The SixThirty is not a large fellowship in Carmarthen- regular numbers vary between 40-60 of all ages, although this obviously rises when a well-known speaker is present.
Born as a result of a shared vision of what God wants to do in Carmarthen After four years of waiting on the Lord about this, and taking advice from leaders I respect, I thought the Lord might be saying to me:"Well, do something about it praise worship fellowship.
We talked at length about the drain on Carmarthen of all the spiritually starved people, who were leaving for Cross Hands and Llanelli and that a new and innovative service was needed, radically different, 21st century, where God could be praised and worshipped and where there could be genuine prayer and biblical preaching
www.sixthirty.org.uk   (1495 words)

  
 Welcome to Carmarthen Ham
The recipe of Carmarthen Ham has been handed down from generation to generation.
All the hams are cured by Chris & Ann Rees at their home And they intend to stay as a cottage industry and keep it a premium product.
Carmarthen Ham is dry salt cured then air-dried, sold whole, boneless, Or sliced thinly and vacuum-packed in 100g or 200g packets with a shelf life of 6 months.
www.carmarthenham.co.uk   (218 words)

  
 Carmarthen GP VTS
The structure of the teaching programme is outlined, with all tutorials available for download, as well as summaries of hot topic discussions and a half day timetable.
For those thinking about coming to train in the region, there is information about things to do in and around Carmarthen, local schools and the cost of living.
You can find your way around the site by clicking on the boxes in the navigation bar on the left hand side of the screen.
www.carmarthenvts.co.uk   (213 words)

  
 BBC - South West Wales Carmarthen - What's On, Stories, Galleries & more
Photographs of the volunteers presentation evening organised by CAVS Volunteer Bureau in Carmarthen on 10 Oct. '06.
Take in the sights and explore Carmarthen and the surrounding area on this slideshow tour.
Pupils from Carmarthen's primary schools illustrate where their Special Places are in over 220 great paintings.
www.bbc.co.uk /wales/southwest/sites/carmarthen   (369 words)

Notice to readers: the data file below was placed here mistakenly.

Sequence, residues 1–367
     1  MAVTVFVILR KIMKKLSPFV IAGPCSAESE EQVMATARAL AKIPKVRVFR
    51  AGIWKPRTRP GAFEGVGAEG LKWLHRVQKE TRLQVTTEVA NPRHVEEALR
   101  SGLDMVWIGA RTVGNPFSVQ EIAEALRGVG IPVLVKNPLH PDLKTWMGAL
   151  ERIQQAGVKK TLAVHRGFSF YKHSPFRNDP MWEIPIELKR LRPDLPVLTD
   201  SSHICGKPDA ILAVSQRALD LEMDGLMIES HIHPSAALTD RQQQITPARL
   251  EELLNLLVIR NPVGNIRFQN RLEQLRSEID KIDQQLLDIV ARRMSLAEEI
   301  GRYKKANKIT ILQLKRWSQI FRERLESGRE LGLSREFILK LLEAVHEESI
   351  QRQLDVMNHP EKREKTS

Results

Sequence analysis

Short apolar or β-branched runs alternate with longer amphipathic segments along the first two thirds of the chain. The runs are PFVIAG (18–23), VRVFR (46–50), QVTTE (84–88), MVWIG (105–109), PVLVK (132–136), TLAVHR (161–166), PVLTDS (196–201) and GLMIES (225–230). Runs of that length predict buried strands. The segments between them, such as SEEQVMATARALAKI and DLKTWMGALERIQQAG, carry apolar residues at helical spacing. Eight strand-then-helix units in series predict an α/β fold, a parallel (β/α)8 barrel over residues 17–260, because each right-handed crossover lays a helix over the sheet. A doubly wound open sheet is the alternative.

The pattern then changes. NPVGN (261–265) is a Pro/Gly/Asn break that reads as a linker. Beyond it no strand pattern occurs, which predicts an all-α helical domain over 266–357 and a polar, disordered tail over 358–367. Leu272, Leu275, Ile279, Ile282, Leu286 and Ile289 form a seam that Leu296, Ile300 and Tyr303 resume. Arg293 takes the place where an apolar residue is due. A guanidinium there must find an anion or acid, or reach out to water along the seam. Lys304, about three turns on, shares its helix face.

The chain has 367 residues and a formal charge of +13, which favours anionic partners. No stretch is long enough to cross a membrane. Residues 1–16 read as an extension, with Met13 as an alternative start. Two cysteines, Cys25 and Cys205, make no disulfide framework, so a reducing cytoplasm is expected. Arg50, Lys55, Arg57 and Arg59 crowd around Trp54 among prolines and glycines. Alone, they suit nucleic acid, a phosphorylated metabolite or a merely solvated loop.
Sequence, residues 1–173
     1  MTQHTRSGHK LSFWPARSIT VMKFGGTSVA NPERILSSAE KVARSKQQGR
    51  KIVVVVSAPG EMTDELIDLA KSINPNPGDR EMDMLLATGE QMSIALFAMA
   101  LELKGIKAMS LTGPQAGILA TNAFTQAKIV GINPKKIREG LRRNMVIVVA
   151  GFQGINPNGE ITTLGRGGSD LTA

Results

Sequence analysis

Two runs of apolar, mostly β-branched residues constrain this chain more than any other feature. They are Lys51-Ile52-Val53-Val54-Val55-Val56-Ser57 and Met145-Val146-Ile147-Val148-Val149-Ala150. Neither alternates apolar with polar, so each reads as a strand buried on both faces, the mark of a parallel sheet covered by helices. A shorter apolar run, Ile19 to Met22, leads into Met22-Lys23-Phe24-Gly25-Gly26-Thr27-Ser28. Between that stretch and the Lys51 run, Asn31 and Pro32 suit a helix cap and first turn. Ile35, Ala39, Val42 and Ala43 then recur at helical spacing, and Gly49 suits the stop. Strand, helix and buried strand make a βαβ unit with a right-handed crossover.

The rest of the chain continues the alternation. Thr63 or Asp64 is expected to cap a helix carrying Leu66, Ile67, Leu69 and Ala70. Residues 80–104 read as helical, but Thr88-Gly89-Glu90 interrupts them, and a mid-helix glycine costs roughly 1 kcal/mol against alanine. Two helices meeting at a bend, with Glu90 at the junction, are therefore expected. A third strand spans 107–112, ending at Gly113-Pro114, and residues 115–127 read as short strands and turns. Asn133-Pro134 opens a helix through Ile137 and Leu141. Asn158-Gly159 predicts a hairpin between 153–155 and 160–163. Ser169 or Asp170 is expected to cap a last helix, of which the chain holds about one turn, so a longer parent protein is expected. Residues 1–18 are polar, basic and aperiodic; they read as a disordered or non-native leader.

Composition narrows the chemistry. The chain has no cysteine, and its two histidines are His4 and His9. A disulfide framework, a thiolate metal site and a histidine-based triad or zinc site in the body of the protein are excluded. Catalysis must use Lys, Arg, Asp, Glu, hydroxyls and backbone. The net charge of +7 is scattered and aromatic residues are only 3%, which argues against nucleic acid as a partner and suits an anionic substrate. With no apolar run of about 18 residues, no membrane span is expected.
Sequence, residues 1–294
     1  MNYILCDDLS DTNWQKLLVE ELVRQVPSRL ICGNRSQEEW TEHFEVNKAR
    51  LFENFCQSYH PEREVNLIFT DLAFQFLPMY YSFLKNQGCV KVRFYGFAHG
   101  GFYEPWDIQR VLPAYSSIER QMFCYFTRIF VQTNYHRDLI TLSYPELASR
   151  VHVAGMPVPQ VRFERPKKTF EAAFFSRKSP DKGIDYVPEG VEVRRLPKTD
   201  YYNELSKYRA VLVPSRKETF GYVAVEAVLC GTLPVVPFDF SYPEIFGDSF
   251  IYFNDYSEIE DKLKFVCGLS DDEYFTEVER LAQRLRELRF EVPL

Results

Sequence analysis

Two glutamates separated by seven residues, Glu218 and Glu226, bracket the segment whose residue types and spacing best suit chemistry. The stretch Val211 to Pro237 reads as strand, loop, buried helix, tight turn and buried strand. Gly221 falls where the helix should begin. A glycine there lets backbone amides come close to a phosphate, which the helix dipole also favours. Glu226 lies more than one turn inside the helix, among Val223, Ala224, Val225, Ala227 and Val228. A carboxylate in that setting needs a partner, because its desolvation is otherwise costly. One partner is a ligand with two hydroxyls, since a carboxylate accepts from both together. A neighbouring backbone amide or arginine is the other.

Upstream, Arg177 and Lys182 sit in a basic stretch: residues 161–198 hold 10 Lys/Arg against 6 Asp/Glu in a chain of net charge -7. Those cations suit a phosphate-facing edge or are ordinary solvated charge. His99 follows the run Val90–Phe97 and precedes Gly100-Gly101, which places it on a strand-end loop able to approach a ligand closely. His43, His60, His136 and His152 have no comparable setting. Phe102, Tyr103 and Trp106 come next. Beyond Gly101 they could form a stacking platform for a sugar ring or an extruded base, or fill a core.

SAINT PETER'S PARISH CHURCH, CARMARTHEN, WALES - CARMARTHEN,SOUTH WEST WALES,
Carmarthen (population 17,000) is the county town and administrative centre of Carmarthenshire in South West WALES (United Kingdom).
Saint Peter's is Carmarthen's original parish church and its oldest building still in use for its original purpose.
Sir Richard’s second wife, poet Mary Scurlock, a native of Carmarthen, is buried in Poets Corner at Westminster Abbey.
netministries.org /see/churches/ch08035   (1923 words)

  
 Llanelli and Carmarthen Methodist Churches - Fellowship in Carmarthenshire
The calling of the Methodist Church is to respond to the Gospel of God.calling people to faith in Jesus Christ and to Christian discipleship building partnerships with other Churches sharing in the task of education and social and spiritual development.
This commitment is supported by a Mission and Worship team who seek new ways of worshipping, churches in carmarthen new ways of sharing our experience of Jesus Christ, and new ways of reaching out to those in our communities who are searching for Him in their lives.
The the bustling towns of Llanelli and Carmarthen are linked and surrounded by the beautiful Carmarthenshire countryside.
www.carmarthenshire-methodists.org.uk /index.htm   (677 words)

  
 Eating Out in Carmarthen
A directory of places to eat out in Carmarthen, during the day and in the evening.
Look here to find Restaurants and Cafe's in Carmarthen, many of them active participants in 'Taste of Wales'.
When eating out in Carmarthen, make sure you don't forget to sample some of the many traditional local specialities on offer here.
www.carmarthen.biz /pages/eat_out.html   (105 words)